United States District Court, M.D. Florida, Tampa Division
ANTHONY E. PORCELLI, JUDGE
seeks judicial review of the partial denial of her claim for
a period of disability, disability insurance benefits
(âDIBâ), and Supplemental Security Income (âSSIâ). As the
Administrative Law Judge's (âALJâ) decision was based on
substantial evidence and employed proper legal standards, the
Commissioner's decision is affirmed.
filed an application for a period of disability, DIB, and SSI
(Tr. 213-221). The Commissioner denied Plaintiff's claims
both initially and upon reconsideration (Tr. 87-112).
then requested an administrative hearing (Tr. 135). Per
Plaintiff's request, the ALJ held a hearing at which
Plaintiff appeared and testified (Tr. 32-58). Following the
hearing, the ALJ issued a partially favorable decision
finding that the Plaintiff was not disabled prior to December
23, 2014, but became disabled on that date and continued to
be disabled through the date of the decision (Tr.
16-23). Subsequently, Plaintiff requested review
from the Appeals Council, which the Appeals Council denied
(Tr. 1). Plaintiff then timely filed a complaint with this
Court (Doc. 1). The case is now ripe for review under 42
U.S.C. §§ 405(g), 1383(c)(3).
Factual Background and the ALJ's Decision
who was born in 1965, claimed disability beginning December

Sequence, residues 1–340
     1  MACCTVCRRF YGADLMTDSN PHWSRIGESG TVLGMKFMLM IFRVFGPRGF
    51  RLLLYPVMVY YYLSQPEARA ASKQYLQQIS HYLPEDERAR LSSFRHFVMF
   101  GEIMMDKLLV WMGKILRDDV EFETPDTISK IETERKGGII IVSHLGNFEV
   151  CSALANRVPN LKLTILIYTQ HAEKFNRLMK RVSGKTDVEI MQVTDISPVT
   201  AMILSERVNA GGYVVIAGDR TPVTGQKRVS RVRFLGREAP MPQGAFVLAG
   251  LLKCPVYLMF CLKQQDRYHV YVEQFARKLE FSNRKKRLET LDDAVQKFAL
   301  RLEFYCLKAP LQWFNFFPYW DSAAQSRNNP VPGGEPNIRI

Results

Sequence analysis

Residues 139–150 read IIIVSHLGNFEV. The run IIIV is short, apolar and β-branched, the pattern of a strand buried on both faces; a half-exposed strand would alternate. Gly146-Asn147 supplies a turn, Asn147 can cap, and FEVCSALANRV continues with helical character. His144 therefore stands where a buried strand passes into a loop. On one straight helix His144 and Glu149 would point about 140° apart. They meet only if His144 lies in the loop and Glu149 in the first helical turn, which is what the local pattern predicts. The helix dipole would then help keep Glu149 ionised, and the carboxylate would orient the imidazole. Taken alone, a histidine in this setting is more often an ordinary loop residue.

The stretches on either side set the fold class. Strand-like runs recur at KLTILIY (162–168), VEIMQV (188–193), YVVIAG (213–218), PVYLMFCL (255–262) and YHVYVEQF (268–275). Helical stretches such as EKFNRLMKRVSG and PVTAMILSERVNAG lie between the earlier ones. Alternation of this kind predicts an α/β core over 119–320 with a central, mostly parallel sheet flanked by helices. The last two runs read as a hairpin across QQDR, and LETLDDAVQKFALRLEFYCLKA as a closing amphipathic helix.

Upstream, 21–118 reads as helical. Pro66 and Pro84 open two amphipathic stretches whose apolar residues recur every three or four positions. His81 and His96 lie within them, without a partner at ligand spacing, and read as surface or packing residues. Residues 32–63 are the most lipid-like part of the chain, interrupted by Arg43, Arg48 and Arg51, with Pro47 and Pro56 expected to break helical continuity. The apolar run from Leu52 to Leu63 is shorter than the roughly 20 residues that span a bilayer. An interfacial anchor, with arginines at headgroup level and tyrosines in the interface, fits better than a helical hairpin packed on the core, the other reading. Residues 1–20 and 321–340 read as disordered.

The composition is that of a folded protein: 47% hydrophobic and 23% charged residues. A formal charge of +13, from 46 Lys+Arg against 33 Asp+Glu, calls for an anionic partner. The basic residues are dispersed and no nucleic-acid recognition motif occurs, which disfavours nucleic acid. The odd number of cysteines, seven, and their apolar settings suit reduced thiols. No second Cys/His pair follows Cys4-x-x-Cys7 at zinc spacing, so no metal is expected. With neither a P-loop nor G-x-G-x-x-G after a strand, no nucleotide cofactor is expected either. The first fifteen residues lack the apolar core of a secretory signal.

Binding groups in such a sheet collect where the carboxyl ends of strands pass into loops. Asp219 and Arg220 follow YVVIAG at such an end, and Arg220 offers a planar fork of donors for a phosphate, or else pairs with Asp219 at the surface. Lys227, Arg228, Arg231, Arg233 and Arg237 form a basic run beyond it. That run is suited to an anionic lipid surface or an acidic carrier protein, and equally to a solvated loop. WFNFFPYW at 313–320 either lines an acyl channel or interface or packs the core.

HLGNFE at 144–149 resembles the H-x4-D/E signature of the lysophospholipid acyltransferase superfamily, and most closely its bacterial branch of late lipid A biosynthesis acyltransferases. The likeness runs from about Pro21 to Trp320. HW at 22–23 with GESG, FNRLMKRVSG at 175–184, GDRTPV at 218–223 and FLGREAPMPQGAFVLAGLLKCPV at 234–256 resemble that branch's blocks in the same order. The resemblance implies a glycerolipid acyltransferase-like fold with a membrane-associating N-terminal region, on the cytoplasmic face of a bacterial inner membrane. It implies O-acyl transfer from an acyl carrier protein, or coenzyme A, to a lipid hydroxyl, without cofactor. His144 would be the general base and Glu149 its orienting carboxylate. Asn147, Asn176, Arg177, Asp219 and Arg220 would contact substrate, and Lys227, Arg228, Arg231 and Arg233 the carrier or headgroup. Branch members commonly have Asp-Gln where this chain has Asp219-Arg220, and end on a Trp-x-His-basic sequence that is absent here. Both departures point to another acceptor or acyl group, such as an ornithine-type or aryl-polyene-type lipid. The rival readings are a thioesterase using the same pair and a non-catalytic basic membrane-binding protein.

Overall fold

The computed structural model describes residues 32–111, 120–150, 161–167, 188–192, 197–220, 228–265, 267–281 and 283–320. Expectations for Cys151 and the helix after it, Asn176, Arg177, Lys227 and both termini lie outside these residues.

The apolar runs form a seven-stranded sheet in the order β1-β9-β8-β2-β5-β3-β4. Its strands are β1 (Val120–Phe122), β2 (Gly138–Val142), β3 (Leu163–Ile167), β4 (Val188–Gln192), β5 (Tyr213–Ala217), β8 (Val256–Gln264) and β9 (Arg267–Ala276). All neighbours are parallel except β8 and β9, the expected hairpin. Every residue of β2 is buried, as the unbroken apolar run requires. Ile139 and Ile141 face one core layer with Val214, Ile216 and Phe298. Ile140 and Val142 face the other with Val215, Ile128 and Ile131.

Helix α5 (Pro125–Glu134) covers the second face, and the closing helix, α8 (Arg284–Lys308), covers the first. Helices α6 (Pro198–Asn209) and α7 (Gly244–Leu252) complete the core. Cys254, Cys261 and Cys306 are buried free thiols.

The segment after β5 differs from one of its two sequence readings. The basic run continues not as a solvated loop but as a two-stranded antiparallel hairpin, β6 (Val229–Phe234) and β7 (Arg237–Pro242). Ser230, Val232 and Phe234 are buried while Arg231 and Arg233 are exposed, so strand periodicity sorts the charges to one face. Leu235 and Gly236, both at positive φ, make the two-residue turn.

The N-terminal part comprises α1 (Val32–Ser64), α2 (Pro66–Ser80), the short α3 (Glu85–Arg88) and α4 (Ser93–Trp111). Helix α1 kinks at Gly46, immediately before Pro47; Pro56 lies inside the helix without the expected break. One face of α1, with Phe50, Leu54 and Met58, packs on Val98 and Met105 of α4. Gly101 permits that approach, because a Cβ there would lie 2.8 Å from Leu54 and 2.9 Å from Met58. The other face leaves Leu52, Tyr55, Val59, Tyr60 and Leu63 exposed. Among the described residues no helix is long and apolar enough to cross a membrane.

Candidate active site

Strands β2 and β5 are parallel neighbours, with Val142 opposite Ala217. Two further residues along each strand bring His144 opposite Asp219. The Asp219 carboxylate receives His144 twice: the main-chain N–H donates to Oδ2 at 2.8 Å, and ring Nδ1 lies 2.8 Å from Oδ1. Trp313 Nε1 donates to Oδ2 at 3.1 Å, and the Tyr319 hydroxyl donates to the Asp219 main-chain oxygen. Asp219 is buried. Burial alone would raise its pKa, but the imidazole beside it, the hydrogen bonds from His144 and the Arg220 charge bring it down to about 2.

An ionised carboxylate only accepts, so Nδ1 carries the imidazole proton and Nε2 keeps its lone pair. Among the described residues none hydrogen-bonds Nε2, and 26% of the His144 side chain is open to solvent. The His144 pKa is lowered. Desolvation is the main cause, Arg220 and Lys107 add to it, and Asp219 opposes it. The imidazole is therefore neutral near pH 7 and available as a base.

23, 2014 (Tr. 20). Plaintiff obtained a high school education
(Tr. 35). Plaintiff's past relevant work experience
included work as a security officer (Tr. 35). Plaintiff
alleged disability due to IBS, back pain, depression, HBP,
and mesenteric panniculitis (Tr. 78).
rendering the administrative decision, the ALJ concluded that
Plaintiff met the insured status requirements through
December 31, 2013 and had not engaged in substantial gainful
activity since December 23, 2014, the alleged onset date (Tr.
20). After conducting a hearing and reviewing the evidence of
record, the ALJ determined Plaintiff had the following severe
impairments: irritable bowel syndrome, panniculitis, chronic
obstructive pulmonary disease, degenerative disk disease,
cubital tunnel syndrome, and depression. Id.
Notwithstanding the noted impairments, the ALJ determined
Plaintiff did not have an impairment or combination of
impairments that met or medically equaled one of the listed
impairments in 20 C.F.R. Part 404, Subpart P, Appendix 1 (Tr.
20-21). The ALJ then concluded that Plaintiff retained a
residual functional capacity (“RFC”) to perform
light work except the claimant requires a sit-stand option
alternating positions from 15-20 minutes; cannot perform work
involving hazards, temperature extremes or climbing; is able
to perform unskilled low-stress jobs, defined as simple,
routine, and repetitive entry-level; and due to pain and
irritable bowel syndrome symptoms with the need for frequent
bathroom visits, she will be off-task greater than 10% of the
time (Tr. 21). In formulating Plaintiff's RFC, the ALJ
considered Plaintiff's subjective complaints concerning
the intensity, persistence, and limiting effects of these
symptoms and found them reasonably consistent with the